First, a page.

Relations between Mormons and the US Government deteriorated. President Buchanan sent the army to install a new governor to replace Brigham Young. To prevent the trading post to be occupied by the US army is was torched on Oct. 7 1857. The army wintered at his location that year. In 1858 the US Army established Fort Bridger.

    The officers quarters are impressive:

    [​IMG]

    [​IMG]

    The fort was a Pony Express station. The stable is still standing.

    [​IMG]

    Mark Twain's comments from Roughing It (they are more fun to read then mine): "At five P.M. we reached Fort Bridger, one hundred and seventeen miles from the South Pass, and one thousand and twenty-five miles from St. Joseph. Fifty-two miles further on, near the head of Echo Canyon, we met sixty United States soldiers from Camp Floyd. The day before, they had fired upon three hundred or four hundred Indians, whom they supposed gathered together for no good purpose. In the fight that had ensued, four Indians were captured, and the main body chased four miles, but nobody killed. This looked like business. We had a notion to get out and join the sixty soldiers, but upon reflecting that there were four hundred of the Indians, we concluded to go on and join the Indians."

    Our route after Fort Bridger started out as a wonderful, scenic gravel and dirt road. After 25 miles of travel we hit a locked gate. We backtracked a bit and headed west as soon as possible. We had to got on I80 for a little bit but got on a blacktop side road though Echo Canyon. When I got home I researched a possible route. It is on on the tracks in red. The red track is closer to the actual trail however, Echo Canyon is also worth seeing.

    The route, once entering Utah is blacktop to Salt Lake City.

    [​IMG]

    There are fast twisties up and down the mountains once you enter Utah. I'm not a canyon carver, now my friends are more then willing to lead us into Salt Lake City. There were lots of bicycles riding up and down these roads. Looked fun going down but up, no so much.

    We stayed in a nice place in Downtown SLC and had a good dinner and drinks and toasted a fun trip because it was our last day together. Tomorrow morning @Get_Bent and @dajuice head back to the Twin Cities and @ozarksrider will work his way home to KC. After 1000 miles of company, I'm sorry to see them go. The next 1000 miles, the rest of the way to Sacramento, I'm on my own.

    236 miles. Great weather all day. No more snow or mud after today!
    #77
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  18. ajayhawkfan

    ajayhawkfan Rock Chalk

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    Sept 12, 7th day riding, 8th day on the road.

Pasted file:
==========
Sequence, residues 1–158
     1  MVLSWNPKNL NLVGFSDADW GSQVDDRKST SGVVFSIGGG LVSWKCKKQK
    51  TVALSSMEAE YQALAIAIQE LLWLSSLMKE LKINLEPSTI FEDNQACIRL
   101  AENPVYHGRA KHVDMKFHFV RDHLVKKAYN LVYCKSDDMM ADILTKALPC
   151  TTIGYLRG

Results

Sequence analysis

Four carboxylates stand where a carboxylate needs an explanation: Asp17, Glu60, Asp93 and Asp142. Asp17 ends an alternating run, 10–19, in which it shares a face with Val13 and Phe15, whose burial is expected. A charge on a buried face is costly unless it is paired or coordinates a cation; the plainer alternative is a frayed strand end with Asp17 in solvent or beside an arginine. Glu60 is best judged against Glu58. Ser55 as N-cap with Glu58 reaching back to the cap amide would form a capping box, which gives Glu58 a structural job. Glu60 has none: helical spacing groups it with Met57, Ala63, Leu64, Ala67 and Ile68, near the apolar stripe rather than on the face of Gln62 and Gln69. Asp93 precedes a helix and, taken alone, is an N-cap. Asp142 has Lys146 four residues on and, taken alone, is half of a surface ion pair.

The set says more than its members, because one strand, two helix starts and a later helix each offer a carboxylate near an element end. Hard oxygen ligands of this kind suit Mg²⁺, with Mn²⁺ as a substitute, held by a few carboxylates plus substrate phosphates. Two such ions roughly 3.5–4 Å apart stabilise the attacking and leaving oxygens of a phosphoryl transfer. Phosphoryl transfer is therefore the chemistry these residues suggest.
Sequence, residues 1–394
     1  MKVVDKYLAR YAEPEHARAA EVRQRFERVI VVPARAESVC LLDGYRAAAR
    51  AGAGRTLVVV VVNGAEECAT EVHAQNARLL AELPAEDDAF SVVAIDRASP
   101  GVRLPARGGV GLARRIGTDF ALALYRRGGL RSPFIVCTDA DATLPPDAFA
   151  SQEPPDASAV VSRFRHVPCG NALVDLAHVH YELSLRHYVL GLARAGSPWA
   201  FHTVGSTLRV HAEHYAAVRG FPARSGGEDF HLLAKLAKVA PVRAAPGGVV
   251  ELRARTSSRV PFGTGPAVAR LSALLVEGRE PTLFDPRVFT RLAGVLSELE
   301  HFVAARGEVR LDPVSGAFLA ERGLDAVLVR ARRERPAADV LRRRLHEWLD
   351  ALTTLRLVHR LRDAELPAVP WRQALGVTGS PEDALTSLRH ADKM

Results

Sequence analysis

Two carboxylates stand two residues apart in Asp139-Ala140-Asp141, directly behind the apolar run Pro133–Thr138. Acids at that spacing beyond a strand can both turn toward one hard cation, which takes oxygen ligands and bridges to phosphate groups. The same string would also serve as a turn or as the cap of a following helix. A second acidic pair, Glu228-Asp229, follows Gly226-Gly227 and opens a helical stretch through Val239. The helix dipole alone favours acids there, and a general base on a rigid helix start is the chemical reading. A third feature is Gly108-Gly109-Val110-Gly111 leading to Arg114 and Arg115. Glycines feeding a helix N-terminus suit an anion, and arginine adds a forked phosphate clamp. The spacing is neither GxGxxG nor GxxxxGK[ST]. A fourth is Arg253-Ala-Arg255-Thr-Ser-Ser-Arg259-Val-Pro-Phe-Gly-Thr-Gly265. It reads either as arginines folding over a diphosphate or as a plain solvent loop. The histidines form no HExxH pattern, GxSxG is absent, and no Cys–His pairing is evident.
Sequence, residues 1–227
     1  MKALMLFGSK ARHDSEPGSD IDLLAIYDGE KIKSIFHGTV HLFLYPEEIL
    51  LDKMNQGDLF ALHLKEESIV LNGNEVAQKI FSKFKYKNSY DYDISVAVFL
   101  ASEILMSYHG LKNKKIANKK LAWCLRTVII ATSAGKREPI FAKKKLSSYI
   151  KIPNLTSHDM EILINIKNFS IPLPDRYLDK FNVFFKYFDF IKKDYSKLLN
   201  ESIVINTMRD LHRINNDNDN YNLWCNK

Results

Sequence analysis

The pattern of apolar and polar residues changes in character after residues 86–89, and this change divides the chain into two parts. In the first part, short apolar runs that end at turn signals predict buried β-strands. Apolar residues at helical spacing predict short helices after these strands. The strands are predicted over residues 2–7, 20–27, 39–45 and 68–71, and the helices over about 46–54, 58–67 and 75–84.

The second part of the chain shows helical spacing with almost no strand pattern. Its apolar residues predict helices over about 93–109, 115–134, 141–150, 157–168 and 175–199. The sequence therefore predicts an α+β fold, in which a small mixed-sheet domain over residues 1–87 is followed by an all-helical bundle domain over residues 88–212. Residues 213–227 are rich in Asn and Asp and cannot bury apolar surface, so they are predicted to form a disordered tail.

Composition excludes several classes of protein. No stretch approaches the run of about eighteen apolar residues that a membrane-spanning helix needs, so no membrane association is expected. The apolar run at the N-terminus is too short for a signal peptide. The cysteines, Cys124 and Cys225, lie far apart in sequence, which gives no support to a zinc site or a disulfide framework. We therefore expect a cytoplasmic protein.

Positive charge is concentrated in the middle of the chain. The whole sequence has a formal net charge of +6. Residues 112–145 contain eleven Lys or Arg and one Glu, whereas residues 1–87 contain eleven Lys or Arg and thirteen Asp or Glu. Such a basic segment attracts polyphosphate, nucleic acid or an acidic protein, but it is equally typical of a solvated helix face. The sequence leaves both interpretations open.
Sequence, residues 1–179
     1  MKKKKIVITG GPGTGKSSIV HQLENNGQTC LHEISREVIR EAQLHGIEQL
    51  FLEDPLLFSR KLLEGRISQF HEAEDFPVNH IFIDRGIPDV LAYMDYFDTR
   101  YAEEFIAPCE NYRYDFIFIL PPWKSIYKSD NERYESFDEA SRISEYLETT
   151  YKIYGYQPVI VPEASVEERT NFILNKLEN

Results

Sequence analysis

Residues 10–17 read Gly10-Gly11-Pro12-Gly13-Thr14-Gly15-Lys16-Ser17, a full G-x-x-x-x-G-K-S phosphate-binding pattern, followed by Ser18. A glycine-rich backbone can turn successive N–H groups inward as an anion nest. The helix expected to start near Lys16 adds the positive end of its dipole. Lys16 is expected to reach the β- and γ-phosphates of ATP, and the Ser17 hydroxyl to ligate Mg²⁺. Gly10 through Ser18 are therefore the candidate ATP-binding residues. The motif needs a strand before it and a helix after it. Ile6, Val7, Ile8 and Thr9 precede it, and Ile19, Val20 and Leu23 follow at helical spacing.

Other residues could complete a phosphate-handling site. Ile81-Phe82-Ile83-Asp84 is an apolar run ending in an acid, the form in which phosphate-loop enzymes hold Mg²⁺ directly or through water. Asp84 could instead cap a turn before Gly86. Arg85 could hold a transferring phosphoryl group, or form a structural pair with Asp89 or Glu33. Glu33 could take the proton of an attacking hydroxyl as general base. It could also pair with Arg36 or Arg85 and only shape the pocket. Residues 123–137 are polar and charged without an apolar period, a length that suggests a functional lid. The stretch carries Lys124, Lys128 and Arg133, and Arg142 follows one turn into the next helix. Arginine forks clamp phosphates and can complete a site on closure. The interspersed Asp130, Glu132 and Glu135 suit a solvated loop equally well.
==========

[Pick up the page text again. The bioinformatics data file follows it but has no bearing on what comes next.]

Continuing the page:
Weather low 40 in the morning and warming quickly to the mid 80s. Very pleasant riding temperatures.

    Salt Lake City is about halfway between St. Joseph and Sacramento. It was enjoyable riding with friends for the first half of the trip. I'm riding along from now on.

    The Pony goes through the heart of SLC and then south. I was going to stay as close to the orinional route though town but the stop and go traffic was too slow. I grabbed a highway south and picked up the trail a Camp Floyd.

    From SLC until I reach California I will be traveling in the Great Basin. The Great Basin is an area of square miles where water flows into the area but does not leave. In other words, it is a bathtub without a drain.

    [​IMG]

    At Camp Floyd, stage coach and pony stop, I picked up the Pony Express Trail National Backcountry Byway.

    Backcountry.jpg
    I was looking very forward to this part of the route with a slight bit trepidation. Most of my motorcycle travels have been solo but they were not in the desert along a route with almost no services (there was water at one Simpson Springs and at the National Wildlife Refuge I assume I could have found water as well), no facilities and I expected almost no traffic. I was wrong about almost no traffic. The first 1/4 of the route had some traffic. It was the first day of antelope season so there were some hunters and campers until Simpson Springs. After Simpson Springs I don't believe I saw another person until the very end of the route.

    The route is 133 miles but you must have enough fuel to travel at least 200 miles because there is no gas at the beginning or end of the route.

    Today's ride will have to be continued tomorrow.
    #78
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  19. BigDogAdventures

    BigDogAdventures Fart Letter Supporter

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    Good stuff Eddie:D
    #79
  20. ajayhawkfan

    ajayhawkfan Rock Chalk

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    Thank you.

    One of these day we have to run into each other and I hope it is soon.
    #80